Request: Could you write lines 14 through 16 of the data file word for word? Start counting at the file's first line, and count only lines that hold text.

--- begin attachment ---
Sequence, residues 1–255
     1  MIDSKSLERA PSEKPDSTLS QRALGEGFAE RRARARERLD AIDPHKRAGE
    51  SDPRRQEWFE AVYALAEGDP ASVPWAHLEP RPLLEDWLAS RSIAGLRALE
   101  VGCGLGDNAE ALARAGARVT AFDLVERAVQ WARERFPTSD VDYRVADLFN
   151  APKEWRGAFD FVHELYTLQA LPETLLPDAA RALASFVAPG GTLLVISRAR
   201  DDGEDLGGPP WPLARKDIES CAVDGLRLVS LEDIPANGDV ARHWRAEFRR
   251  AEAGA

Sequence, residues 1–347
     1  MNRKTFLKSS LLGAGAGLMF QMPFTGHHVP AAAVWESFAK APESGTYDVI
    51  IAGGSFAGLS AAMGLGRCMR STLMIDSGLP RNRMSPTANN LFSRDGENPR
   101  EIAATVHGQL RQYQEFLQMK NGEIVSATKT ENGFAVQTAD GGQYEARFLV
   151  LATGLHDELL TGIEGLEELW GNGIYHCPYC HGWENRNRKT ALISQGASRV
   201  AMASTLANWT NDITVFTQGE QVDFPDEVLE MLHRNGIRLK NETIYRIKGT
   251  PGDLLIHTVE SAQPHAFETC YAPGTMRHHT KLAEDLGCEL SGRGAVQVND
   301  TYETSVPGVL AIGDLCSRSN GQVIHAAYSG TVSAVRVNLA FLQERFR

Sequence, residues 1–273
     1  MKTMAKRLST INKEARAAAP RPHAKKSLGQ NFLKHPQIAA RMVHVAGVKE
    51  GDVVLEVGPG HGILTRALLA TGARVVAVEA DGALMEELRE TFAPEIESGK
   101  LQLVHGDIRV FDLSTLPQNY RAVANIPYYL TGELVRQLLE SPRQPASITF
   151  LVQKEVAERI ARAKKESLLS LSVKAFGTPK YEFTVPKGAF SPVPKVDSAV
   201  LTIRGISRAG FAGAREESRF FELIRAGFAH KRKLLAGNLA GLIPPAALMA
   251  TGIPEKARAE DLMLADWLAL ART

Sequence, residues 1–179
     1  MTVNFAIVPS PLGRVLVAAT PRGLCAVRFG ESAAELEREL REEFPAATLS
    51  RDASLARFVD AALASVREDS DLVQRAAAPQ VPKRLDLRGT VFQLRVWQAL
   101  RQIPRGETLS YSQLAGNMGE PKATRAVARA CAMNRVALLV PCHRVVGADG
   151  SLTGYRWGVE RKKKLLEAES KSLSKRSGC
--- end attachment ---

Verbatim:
   251  PGDLLIHTVE SAQPHAFETC YAPGTMRHHT KLAEDLGCEL SGRGAVQVND
   301  TYETSVPGVL AIGDLCSRSN GQVIHAAYSG TVSAVRVNLA FLQERFR

Sequence, residues 1–273